Content Warning: this story talks about real life trauma, abuse and suicide. If you or anyone you know are contemplating suicide, please call 800-273-TALK (8255) or text 4HOPE to 741-741. Information about on-campus mental health resources for students is listed at the bottom of the story.
After experiencing financial hardships, an abusive relationship and almost taking her own life, Zeta Nguyen works each day on building her future. As she proudly prepares for graduation this summer, she shares her story to inspire others to seek help during difficult times.
“I share my story because I know how it feels to be alone. I know people go through what I did, and I want to show them I made it out and they can make it out, too,” said Nguyen, a senior accounting major from South Sioux City, Nebraska.
Financial instability arose frequently throughout Nguyen’s life, and she learned from a young age the toll it can take on a family. As the daughter of two immigrants, she grew up witnessing her parents become afflicted with debt and struggle with finances.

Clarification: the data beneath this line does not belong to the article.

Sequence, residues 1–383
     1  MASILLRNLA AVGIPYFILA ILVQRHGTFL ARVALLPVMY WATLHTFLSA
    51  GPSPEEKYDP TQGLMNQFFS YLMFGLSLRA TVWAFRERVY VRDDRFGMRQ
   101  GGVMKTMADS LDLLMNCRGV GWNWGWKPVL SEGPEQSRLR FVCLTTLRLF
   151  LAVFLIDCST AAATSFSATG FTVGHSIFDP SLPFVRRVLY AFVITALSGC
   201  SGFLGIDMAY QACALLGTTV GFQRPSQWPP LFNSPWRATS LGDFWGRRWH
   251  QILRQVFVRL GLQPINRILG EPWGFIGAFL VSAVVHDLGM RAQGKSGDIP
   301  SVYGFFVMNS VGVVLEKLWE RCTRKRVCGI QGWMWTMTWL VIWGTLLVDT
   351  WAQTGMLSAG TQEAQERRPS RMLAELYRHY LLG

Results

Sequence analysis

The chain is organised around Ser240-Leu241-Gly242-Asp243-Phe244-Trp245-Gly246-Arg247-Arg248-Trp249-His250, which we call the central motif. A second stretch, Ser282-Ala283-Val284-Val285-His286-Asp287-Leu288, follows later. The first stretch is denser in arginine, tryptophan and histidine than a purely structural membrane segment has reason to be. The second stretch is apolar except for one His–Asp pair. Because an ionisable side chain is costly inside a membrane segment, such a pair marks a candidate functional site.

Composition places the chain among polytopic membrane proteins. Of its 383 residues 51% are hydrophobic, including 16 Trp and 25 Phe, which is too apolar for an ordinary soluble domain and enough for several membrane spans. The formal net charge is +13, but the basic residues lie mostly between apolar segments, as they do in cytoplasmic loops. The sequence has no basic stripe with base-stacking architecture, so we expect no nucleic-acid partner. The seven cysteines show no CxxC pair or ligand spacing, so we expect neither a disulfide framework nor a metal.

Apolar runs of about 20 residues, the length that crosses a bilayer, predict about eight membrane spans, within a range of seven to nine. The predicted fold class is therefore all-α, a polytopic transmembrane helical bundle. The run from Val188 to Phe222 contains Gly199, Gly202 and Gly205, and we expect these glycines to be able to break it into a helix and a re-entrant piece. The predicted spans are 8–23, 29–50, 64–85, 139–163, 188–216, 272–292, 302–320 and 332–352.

“My family started out working in a Tyson meat factory – one of the only choices they had as immigrants coming into the country. My parents eventually opened a nail salon. Most of the family started working there, but the business eventually failed. My parents had to move out of Nebraska to find work somewhere else,” Nguyen said.
Without her parents around, Nguyen felt isolated and leaned on her older sister, Aimee, for support as she began college to study mechanical engineering. However, trying to balance work to pay for school and studying engineering overwhelmed Zeta. After she started failing classes, Zeta took a step back to reassess her career path and decided to switch her major to accounting.
“I chose accounting because I was interested in understanding finances and taxes. I also knew it was a stable field, and stability is something that is important in my life because my life was completely hectic at that point,” she explained. “Accounting is also a field that allows me to branch into just about anything I can think of, and it is the foundation of how businesses run.”
Zeta continued to struggle financially, finding difficulty to pay rent and other expenses. Along with her financial troubles, she also found herself in an abusive relationship, where she dealt with both mental and sexual trauma.
“I could not even give myself space to breathe as he decided to break all my belongings and scream at me in the face, but I thought it was okay because he was not physically beating me. I lost myself trying to please him and let him do whatever he wanted to me because it was easier than to fight it,” she recounted.